The vast majority of green voters are Christian. Apparently, there just are not enough of them. One must also keep in mind that environmental issues have not historically split along party lines. Before their assimilation by the religious right, the Republican Party used to be the environmental party.
Here is an article from the Associated Press that pretty much sums up the looming “creation care” dilemma:
Dewitt said evangelicals will not call themselves environmentalists. They are going to call themselves pro-life … But pro-life means life in the Arctic, the life of the atmosphere, the life of all the people under the influence of climate change … Robinson said he voted for Bush in 2004 because of his opposition to abortion, but it was a tough decision, making him feel he was voting against the environment. If the conservatives want the Christian vote, they are going to have to address this … The pastor feels like Noah cutting his first tree to build the Ark.
How ironic, cutting trees to build an ark. And there is this:
John Green, professor of political science at the University of Akron and a senior fellow of the Pew Forum on Religion and Public Life, sees evangelicals, particularly the young and educated, increasingly interested in issues that could take some of them out of the Republican Party.
And finally, from the interview of Bill Moyers by David Roberts. Moyers paraphrases a letter to the editor from a pastor right after the 2004 election:
“I went into the voting booth on Election Day, and I wanted to vote for George W. Bush because he’s right on abortion, family values, gay marriage. But I had trouble pulling the lever, because he has a horrendous environmental record.”
Note that both Robinson and the person Moyers alludes to pulled that lever for Bush anyway. The fact that they would have been much less hesitant to pull that lever had the Republicans included “creation care” as part of the verbiage in the party platform does not bode well for the Democratic Party. The problem is that a lot of religionists who fell on the other side of the fence that day and pulled the environmental lever would have voted for Bush also. I strongly suspect the words “creation care” or something very much like them will be in the next Republican platform. There may be significant numbers of religionists who are reluctantly voting Democrat because of their environmental ethic who will then have no problem voting Republican.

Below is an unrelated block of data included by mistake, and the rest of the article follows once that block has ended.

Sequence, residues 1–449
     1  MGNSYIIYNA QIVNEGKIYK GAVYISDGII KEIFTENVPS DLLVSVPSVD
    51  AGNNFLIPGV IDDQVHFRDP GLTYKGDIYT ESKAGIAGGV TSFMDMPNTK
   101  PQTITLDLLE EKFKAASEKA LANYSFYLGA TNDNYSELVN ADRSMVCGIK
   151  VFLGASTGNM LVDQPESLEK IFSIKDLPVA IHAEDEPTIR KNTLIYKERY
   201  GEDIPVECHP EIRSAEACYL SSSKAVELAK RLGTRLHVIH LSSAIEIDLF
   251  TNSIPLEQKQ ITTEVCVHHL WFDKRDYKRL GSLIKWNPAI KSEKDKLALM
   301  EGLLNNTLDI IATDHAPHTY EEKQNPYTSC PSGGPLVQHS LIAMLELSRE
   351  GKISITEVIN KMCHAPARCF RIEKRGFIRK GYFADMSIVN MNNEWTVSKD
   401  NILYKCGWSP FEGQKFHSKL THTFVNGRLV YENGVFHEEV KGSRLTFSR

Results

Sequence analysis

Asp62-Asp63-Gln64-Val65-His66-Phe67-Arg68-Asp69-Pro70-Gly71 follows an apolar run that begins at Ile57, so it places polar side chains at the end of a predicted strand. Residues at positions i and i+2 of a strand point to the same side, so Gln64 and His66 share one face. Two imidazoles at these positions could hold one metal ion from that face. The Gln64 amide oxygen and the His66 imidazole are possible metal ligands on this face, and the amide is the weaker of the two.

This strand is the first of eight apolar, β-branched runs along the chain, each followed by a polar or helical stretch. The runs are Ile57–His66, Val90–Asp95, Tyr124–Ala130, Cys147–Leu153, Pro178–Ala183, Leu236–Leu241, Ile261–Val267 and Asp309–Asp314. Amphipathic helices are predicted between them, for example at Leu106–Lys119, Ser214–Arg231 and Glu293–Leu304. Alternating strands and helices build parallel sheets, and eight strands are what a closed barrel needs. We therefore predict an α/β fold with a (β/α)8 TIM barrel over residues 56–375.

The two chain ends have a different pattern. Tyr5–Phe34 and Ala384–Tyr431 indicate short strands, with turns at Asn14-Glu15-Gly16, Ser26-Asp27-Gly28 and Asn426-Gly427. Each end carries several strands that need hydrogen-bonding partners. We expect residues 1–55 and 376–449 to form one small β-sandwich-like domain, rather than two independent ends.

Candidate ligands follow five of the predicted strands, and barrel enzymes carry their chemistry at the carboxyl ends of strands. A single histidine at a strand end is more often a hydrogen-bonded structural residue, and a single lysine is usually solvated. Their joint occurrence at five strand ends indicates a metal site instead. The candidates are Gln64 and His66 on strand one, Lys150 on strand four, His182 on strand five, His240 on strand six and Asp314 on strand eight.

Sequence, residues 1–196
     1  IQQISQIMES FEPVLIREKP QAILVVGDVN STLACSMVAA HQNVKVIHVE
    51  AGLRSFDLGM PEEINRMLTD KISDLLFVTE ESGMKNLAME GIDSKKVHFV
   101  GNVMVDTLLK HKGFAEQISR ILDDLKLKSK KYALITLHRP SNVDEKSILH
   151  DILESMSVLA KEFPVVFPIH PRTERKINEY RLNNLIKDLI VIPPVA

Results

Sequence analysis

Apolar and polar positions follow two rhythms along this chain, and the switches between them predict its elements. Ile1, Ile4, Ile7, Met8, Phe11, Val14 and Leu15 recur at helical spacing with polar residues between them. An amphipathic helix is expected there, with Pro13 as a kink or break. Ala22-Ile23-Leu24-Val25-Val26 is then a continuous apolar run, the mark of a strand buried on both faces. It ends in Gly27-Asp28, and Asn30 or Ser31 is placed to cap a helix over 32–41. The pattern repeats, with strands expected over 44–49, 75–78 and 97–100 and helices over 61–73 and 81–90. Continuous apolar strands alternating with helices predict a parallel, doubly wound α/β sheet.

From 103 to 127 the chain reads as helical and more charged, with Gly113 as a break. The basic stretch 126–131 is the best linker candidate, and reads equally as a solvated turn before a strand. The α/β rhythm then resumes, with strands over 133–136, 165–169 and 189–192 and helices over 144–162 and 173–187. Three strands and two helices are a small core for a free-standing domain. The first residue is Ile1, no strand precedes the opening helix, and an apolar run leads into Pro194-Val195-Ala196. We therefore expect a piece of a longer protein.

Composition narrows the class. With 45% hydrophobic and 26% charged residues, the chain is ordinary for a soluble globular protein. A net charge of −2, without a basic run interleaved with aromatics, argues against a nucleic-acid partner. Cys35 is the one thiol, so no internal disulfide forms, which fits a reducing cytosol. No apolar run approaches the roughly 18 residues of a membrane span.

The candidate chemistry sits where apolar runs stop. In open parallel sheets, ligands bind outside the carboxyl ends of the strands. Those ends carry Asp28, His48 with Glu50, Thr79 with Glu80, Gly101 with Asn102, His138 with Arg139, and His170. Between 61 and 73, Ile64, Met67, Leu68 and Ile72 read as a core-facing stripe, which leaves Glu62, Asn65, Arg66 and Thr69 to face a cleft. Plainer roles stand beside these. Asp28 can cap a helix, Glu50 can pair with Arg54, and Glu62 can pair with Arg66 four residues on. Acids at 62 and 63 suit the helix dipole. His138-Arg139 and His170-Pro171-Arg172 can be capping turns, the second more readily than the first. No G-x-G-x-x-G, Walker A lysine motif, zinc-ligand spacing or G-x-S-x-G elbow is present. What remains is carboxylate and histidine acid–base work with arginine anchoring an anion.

The phrase is already being associated with conservative pro-life forces. You will soon hear the term coming out of the mouths of televangelists like Pat Robertson, assuming he is not already using it. As it stands now, the “creation care” movement may play into the hands of Republicans come election time. This is called the law of unintended consequences, or Murphy’s law. What is needed is for the Democrats to come up with a very similar phrase. I propose, “Saving the Creation.” This would set off a lot of stomping and sputtering by the conservative religionists, but liberals do have a moral claim to it through E.O. Wilson, a liberal-leaning secular humanist and scientist whose book The Creation just hit the shelves, and whose interview will be appearing here on Grist very shortly.
You may be thinking, “But that sounds so divisive. Can’t we all just get along? Group hug!” I wish, but that isn’t the way of human nature. Just ask Wilson; he wrote a whole book on that subject also. Most conservative religionists will continue to vote against women’s reproductive rights at all costs, including the cost of global warming. This is what is wrong with American politics — religion. And the most divisive issue in America, abortion, is, at its core, a religious one. This could yet turn into a win-win situation with both parties having to put their money where their mouths are once those words show up in their respective platforms. But we will have to play our cards right.